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canto

[kan-toh] /ˈkæn toʊ/
noun, plural cantos.
1.
one of the main or larger divisions of a long poem.
Origin of canto
1580-1590
1580-90; < Italian < Latin cant(us) singing, song, equivalent to can(ere) to sing + -tus suffix of v. action; cf. cant1, chant
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Based on the Random House Dictionary, © Random House, Inc. 2015.
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British Dictionary definitions for canto

canto

/ˈkæntəʊ/
noun (pl) -tos
1.
(music) another word for cantus (sense 2)
2.
a main division of a long poem
Word Origin
C16: from Italian: song, from Latin cantus, from canere to sing
Collins English Dictionary - Complete & Unabridged 2012 Digital Edition
© William Collins Sons & Co. Ltd. 1979, 1986 © HarperCollins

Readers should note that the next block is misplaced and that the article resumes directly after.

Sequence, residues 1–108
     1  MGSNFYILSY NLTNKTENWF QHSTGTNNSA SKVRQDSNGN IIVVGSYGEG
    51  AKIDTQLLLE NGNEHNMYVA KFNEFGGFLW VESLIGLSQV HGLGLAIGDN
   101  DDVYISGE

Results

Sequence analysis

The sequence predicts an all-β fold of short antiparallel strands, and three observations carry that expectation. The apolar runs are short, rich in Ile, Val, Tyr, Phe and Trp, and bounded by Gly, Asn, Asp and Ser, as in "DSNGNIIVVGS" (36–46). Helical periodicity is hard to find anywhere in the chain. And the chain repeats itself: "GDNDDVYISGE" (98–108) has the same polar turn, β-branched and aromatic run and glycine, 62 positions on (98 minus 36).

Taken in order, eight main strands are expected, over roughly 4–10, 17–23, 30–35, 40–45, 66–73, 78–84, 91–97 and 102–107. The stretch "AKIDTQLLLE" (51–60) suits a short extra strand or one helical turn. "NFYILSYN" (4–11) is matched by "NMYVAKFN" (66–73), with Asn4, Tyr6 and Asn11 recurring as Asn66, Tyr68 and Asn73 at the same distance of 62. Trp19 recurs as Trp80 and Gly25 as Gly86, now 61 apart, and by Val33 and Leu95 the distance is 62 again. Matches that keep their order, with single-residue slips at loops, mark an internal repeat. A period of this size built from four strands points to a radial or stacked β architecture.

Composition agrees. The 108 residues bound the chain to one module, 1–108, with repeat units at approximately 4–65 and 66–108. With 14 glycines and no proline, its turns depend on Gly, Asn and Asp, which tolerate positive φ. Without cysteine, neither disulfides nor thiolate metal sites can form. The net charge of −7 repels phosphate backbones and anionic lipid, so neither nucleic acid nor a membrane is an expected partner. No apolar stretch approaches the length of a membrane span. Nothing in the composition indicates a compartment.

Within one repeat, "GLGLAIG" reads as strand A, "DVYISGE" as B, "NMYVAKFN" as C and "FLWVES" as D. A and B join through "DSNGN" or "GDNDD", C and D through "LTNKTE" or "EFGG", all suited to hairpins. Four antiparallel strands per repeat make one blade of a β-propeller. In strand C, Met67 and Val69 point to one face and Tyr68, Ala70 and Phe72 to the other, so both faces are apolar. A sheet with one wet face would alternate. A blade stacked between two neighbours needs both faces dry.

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Word Origin and History for canto
n.

1580s, from Italian canto "song," from Latin cantus "song" (see chant (v.)). As "a section of a long poem," used in Italian by Dante, in English first by Spenser.

Online Etymology Dictionary, © 2010 Douglas Harper
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Slang definitions & phrases for canto

canto

noun

A round, inning, period, or other division of a contest: Lefty got decked in the third canto

[1910+ Sports; fr Italian, ''song,'' with reference to the 100 poetic divisions of Dante's Divina commedia]


The Dictionary of American Slang, Fourth Edition by Barbara Ann Kipfer, PhD. and Robert L. Chapman, Ph.D.
Copyright (C) 2007 by HarperCollins Publishers.
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7
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